Whisk the egg yolks and sugar together in a non-reactive saucepan. Whisk in the cornstarch or flour. Add the milk slowly, whisking well and scraping the corners of pan with a rubber spatula to make sure all of the egg yolk mixture is incorporated.
Place over medium heat and, stirring constantly, bring to a boil. This will become very thick. You have to whisk very hard at the end to prevent it from lumping. If you are using cornstarch, remove it as soon as it comes to a boil. If using flour, boil for 1 minute, stirring constantly. Remove from the heat and tear the dissolved gelatin into small pieces stirring it into the hot liquid (there is no need to liquefy it, the heat of the mixture will do this for you).
When ready to use, whip the cream to stiff peaks. The pastry creams will be very stiff. That is how it should be. Break each of the pastry creams up, then whisk each of them to loosen. Fold half the whipped cream into each of the pastry creams.
Repeat with second pastry cream.
1 cup + 2 tablespoons superfine or baker’s sugar (225 grams or 8 ounces)
10 ounces almonds or hazelnuts or half and half, toasted (285 grams)
3 tablespoons potato starch (30 grams or 1 ounce)
1 cup egg whites (256 grams or 9 ounces or about 8 egg whites)
Before starting the meringue, draw two 5”x14” rectangles on a piece of parchment paper.
These will be your templates for the meringue layers.
Preheat the oven to 350 degrees and place the nuts in a single layer on a baking sheet.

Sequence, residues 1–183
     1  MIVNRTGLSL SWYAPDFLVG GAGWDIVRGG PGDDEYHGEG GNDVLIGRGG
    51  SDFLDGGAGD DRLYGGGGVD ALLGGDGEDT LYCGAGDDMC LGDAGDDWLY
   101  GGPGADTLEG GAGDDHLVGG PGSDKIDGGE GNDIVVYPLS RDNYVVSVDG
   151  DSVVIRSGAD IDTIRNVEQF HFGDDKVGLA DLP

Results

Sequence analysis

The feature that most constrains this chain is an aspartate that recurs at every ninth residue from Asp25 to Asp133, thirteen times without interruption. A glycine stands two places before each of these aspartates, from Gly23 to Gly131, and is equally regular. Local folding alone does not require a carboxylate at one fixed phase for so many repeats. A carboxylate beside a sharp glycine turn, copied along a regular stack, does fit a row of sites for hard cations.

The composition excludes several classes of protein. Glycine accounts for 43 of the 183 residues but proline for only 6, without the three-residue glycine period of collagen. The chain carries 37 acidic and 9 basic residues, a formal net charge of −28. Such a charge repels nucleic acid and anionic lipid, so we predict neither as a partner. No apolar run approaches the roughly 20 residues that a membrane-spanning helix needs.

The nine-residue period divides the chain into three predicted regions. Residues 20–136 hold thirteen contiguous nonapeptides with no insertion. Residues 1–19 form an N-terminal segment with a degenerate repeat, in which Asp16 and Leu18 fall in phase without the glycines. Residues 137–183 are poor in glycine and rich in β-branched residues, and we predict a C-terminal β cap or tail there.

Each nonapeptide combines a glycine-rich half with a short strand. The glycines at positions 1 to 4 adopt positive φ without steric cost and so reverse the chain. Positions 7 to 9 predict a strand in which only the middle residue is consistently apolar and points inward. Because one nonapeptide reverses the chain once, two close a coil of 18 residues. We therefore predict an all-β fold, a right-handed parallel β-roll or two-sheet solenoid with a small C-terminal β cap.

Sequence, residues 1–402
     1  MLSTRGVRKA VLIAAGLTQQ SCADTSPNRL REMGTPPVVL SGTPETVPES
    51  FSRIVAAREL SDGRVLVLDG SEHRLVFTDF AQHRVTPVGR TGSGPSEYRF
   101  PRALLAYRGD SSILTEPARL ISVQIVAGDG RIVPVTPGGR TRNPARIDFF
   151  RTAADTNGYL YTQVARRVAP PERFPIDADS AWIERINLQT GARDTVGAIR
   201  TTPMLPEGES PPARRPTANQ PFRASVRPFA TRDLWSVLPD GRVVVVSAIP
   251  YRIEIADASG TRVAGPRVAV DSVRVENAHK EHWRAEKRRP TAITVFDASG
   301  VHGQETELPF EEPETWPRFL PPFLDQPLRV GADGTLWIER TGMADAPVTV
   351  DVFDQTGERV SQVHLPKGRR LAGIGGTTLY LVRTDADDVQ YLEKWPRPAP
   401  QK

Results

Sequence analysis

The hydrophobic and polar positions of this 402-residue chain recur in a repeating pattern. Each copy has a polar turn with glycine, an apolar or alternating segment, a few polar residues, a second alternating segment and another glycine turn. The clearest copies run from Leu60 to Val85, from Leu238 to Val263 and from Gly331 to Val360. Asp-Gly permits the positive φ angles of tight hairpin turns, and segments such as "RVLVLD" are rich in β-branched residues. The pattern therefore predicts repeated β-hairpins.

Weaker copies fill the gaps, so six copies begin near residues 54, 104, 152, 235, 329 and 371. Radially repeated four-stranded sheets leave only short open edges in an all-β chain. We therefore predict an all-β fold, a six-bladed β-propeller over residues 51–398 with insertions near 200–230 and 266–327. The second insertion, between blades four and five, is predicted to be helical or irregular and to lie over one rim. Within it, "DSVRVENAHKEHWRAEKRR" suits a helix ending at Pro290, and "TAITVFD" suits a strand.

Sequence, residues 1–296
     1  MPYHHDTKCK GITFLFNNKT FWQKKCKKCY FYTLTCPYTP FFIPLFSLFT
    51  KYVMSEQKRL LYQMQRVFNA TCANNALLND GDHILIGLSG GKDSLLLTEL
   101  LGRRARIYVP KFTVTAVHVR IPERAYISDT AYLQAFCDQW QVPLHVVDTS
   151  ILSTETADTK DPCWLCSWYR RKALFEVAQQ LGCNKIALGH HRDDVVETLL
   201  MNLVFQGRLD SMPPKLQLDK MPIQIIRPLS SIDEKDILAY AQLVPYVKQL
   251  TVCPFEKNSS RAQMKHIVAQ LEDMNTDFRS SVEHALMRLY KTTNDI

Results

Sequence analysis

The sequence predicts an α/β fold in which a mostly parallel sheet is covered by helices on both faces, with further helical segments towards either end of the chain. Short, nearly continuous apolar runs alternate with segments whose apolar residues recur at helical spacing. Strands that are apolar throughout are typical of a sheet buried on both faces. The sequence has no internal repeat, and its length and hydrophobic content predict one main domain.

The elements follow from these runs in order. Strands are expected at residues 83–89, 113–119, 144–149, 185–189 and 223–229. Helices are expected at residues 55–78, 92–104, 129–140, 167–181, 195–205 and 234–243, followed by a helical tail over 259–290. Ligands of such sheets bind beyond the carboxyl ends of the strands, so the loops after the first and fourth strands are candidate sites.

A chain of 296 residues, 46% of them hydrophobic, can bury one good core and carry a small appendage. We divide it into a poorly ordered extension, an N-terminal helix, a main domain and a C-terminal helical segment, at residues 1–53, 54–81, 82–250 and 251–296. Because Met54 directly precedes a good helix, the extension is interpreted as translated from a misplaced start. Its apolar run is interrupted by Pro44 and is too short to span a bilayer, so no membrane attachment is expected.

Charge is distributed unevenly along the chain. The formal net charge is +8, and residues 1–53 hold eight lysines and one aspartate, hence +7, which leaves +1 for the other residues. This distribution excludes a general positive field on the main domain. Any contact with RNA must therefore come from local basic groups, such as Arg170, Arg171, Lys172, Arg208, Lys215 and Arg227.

Roast for abut 7 to 9 minutes until golden brown and fragrant. Cool completely. This may be done a week ahead of time.
Preheat the oven to 350 degrees and line two sheet pans with parchment. Set aside.
Place the nuts, potato starch and 2 tablespoons of the sugar in a processor bowl and process until very finely ground. Stop several times, pulse the machine to redistribute the nuts and continue until they are properly ground.
Place the egg whites in a mixer bowl and beat until they are quadrupled and leave the beater lines in the foam. Slowly, add the remaining sugar and continue beating for 3 to 4 minutes if using a heavy duty stand mixer.
Place the template under a piece of parchment in the half sheet pan. Fit a piping bag with a number 9 plain tip. Place one fourth (180 grams 6 1/3 ounces) in the bag. Pipe about 1/4 inch inside the line. Fill in the outline with a zig-zag motion. Using a small offset spatula, fill in the meringue and level it. Repeat with the second piece on the template. Remove the template from under the meringue. Bake for 20 to 22 minutes until lightly browned. Cool completely.
While the first sheet is baking, place the template under the parchment and immediately pipe the second set. Remove the template. Bake as directed.
If you don’t have access to a piping bag and tip, simply divide the meringue and spread it evenly over the templates.
These can be made a week ahead and stored well covered and airtight.
Trim the meringues so there are 4 uniform layers. Cut the meringues apart. Remove the paper on the bottom by turning upside down.Turn right side up and, using a serrated knife, saw with very little pressure to avoid cracking the rectangles. Trim one layer to 13 x 4 ½ inches, then stack one on top of another and trim it to size. Repeat with the other two layers. Do not stack anymore than two layers together when trimming.
and the cream.
Assembly – best assembled one day ahead. As it is sits the meringues continue to soften.
Reserve 1 cup of ganache. Use the remainder to coat the sides and top of the marjolaine.Cover the sides with the toasted sliced almonds. Cover the top with the praline. Sometimes the layers of meringue shift a bit as you are pressing on the opposite side while applying the chocolate or the almonds. If the marijolaine has become a little crooked while assembling, square it by placing one hand on each side and gently press toward each other.
Refrigerate overnight to allow the meringue to soften.
Yield: Cut into 12 or more servings.